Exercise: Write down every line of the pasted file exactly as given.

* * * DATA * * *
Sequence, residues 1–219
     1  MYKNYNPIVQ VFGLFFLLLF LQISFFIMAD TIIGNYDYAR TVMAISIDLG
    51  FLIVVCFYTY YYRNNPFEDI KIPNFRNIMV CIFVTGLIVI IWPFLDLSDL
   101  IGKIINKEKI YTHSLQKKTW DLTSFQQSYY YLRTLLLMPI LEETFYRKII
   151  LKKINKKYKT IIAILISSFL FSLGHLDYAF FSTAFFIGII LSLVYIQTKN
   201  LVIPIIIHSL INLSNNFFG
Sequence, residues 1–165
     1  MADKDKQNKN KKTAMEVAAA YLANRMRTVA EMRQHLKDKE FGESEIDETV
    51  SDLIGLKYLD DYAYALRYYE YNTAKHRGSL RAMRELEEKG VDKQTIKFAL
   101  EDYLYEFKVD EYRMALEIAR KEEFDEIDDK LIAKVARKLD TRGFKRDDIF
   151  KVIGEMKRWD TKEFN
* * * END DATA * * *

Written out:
Sequence, residues 1–219
     1  MYKNYNPIVQ VFGLFFLLLF LQISFFIMAD TIIGNYDYAR TVMAISIDLG
    51  FLIVVCFYTY YYRNNPFEDI KIPNFRNIMV CIFVTGLIVI IWPFLDLSDL
   101  IGKIINKEKI YTHSLQKKTW DLTSFQQSYY YLRTLLLMPI LEETFYRKII
   151  LKKINKKYKT IIAILISSFL FSLGHLDYAF FSTAFFIGII LSLVYIQTKN
   201  LVIPIIIHSL INLSNNFFG
Sequence, residues 1–165
     1  MADKDKQNKN KKTAMEVAAA YLANRMRTVA EMRQHLKDKE FGESEIDETV
    51  SDLIGLKYLD DYAYALRYYE YNTAKHRGSL RAMRELEEKG VDKQTIKFAL
   101  EDYLYEFKVD EYRMALEIAR KEEFDEIDDK LIAKVARKLD TRGFKRDDIF
   151  KVIGEMKRWD TKEFN